Does the radio guy know anything about newspapers?
While newsroom employees concentrate on doing what they do best — collecting, analyzing and disseminating the news — Tribune innovation chief Lee Abrams continues to fire off memos full of (wildly imaginative? or just wild?) suggestions like repainting LAT's vans and adding sports logos to sports pages. (No one ever thought of that before. Right.)
The memos are full of hard-to-follow and sometimes-funny ramblings of the company's cheerleader, no doubt penned to rally staffers to think outside the box to come up with ideas that will help stop the company's decline of circulation and advertising revenues.
Unfortunately, people aren't going to be thinking about how to better market and sell the LAT with word out that more layoffs are on the horizon. Great talent has left ( “Time to Go”) and more may to be pushed out the door while the Chief Innovation Officer — who is likely earning the equivalent of what a few good reporters would cost — is spewing forth ideas that are not new, not innovative and not likely to improve the financial health of the horrendously debt-laden company.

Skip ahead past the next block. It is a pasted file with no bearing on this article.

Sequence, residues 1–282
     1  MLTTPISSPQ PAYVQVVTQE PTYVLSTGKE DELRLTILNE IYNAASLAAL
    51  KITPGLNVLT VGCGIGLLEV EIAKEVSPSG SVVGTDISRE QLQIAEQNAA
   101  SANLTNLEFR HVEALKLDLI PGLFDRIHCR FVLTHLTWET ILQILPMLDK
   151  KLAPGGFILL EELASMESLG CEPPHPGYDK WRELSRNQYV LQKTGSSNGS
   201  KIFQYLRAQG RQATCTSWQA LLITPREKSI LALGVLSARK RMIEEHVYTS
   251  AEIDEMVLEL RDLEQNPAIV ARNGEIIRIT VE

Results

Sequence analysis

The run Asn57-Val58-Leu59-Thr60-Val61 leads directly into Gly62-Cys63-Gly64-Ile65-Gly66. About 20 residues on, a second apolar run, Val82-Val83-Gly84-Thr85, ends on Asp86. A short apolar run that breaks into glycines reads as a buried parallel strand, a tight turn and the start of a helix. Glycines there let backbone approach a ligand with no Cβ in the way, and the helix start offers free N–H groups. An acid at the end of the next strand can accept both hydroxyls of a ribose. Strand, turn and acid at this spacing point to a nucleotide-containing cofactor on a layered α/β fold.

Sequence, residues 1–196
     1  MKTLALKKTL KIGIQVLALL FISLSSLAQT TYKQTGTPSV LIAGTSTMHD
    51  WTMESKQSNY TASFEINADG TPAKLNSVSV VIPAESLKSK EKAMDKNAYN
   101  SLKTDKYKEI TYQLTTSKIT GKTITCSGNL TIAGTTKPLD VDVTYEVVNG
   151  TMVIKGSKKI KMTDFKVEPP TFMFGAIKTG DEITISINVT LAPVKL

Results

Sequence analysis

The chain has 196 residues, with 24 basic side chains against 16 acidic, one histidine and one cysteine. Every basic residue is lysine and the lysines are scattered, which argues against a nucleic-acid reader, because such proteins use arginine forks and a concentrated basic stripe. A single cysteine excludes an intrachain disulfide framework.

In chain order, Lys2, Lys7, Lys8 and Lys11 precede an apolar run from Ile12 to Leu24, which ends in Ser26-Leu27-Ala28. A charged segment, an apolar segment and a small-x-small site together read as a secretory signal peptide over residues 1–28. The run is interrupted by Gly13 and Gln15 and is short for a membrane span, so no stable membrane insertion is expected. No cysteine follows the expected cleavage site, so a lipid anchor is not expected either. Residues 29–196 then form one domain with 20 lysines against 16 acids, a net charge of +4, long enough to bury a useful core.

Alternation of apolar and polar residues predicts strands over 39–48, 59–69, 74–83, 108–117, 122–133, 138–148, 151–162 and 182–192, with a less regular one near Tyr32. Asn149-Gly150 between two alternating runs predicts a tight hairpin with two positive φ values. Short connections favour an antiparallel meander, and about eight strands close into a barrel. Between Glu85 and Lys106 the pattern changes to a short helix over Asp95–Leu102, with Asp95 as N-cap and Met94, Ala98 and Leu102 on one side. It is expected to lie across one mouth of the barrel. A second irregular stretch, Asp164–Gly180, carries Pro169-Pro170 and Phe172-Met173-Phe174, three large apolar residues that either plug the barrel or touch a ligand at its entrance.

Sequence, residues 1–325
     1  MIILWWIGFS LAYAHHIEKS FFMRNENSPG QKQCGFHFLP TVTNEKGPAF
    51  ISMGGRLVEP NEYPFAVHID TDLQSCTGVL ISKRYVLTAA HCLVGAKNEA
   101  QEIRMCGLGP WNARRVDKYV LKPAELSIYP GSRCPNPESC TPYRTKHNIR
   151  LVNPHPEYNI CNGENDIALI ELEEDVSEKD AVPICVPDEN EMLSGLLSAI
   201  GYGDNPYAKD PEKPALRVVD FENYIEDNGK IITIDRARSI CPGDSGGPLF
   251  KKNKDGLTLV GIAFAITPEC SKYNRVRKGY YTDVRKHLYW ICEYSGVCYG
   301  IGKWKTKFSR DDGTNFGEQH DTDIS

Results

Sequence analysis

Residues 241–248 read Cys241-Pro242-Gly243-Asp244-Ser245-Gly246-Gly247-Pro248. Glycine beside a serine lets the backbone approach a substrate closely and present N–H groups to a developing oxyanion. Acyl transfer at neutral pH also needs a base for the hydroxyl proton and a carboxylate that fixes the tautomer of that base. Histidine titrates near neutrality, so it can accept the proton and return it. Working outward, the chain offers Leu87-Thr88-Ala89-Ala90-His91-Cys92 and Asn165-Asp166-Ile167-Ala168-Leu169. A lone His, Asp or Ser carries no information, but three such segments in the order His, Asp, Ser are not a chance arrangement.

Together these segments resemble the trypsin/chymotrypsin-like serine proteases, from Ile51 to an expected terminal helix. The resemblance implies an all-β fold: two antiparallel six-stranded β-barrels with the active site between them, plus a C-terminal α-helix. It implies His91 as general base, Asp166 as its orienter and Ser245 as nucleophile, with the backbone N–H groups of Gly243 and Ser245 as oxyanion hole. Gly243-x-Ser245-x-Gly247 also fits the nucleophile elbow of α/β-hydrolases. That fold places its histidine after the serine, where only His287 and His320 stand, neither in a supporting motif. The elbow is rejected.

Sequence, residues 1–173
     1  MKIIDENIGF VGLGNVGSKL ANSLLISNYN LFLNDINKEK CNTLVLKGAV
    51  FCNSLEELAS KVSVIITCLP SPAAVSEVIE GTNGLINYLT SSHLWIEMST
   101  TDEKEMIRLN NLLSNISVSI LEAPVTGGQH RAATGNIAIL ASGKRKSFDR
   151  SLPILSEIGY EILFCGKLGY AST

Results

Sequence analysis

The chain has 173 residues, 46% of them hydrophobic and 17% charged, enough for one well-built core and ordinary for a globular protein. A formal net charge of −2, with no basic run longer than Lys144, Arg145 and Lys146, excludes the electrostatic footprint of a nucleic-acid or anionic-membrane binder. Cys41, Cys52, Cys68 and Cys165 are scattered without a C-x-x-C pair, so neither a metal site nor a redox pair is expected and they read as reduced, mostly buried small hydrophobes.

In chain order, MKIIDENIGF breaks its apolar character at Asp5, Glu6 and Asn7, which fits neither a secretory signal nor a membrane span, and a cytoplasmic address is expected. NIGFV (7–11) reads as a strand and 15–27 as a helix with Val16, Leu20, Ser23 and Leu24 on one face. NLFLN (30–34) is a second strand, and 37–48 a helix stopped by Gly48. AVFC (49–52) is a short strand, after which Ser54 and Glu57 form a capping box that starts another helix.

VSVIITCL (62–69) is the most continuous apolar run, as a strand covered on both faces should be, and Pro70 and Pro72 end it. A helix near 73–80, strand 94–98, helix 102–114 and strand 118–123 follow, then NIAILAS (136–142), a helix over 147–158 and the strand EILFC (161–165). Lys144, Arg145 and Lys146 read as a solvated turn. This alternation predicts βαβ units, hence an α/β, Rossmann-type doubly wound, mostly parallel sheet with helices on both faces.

Speaking of finances: Is the demise of newspapers a corporate-engineered theory? In “Decline of Journalism” former Hartford Courant reporter Thomas Williams wrote:
... some concerned and dedicated journalistic observers both inside and outside the US news business believe the demise or baggage-seat status of newspapers is a farfetched theory. It is promoted, say news insiders, by corporate executives operating large newspaper chains. They are engrossed in making news collection as cheap as possible, while forcing a larger advertising layout in newspapers at the expense of the formerly generous pages of a variety of local, national and international news. And as they do, publishers and editors claim to be inventing a new, easy-to-read, streamlined form of tabloid attractive to all ages, particularly the younger set.Re-painting the LAT trucks green won't bring back readers or increase profits.
Hosts of editors, reporters and readers are angry just listening to and repeatedly reading what they consider "excuses" to increase profits while eroding probing enterprise journalism. Those committed to public service news and investigative reporting believe grave industry profits to be manipulative, shallow or misleading. In fact, the very rationale for saving newspapers - cost cutting, layoffs and buyouts - is thought to have created circulation and profit drop-offs, and to foster the very predictions of a dark, deadly fiscal whirlpool. The bigger the staff and cost cuts, the more advertisers and readers are scared away, indeed creating loss of disgusted readers and lesser profits.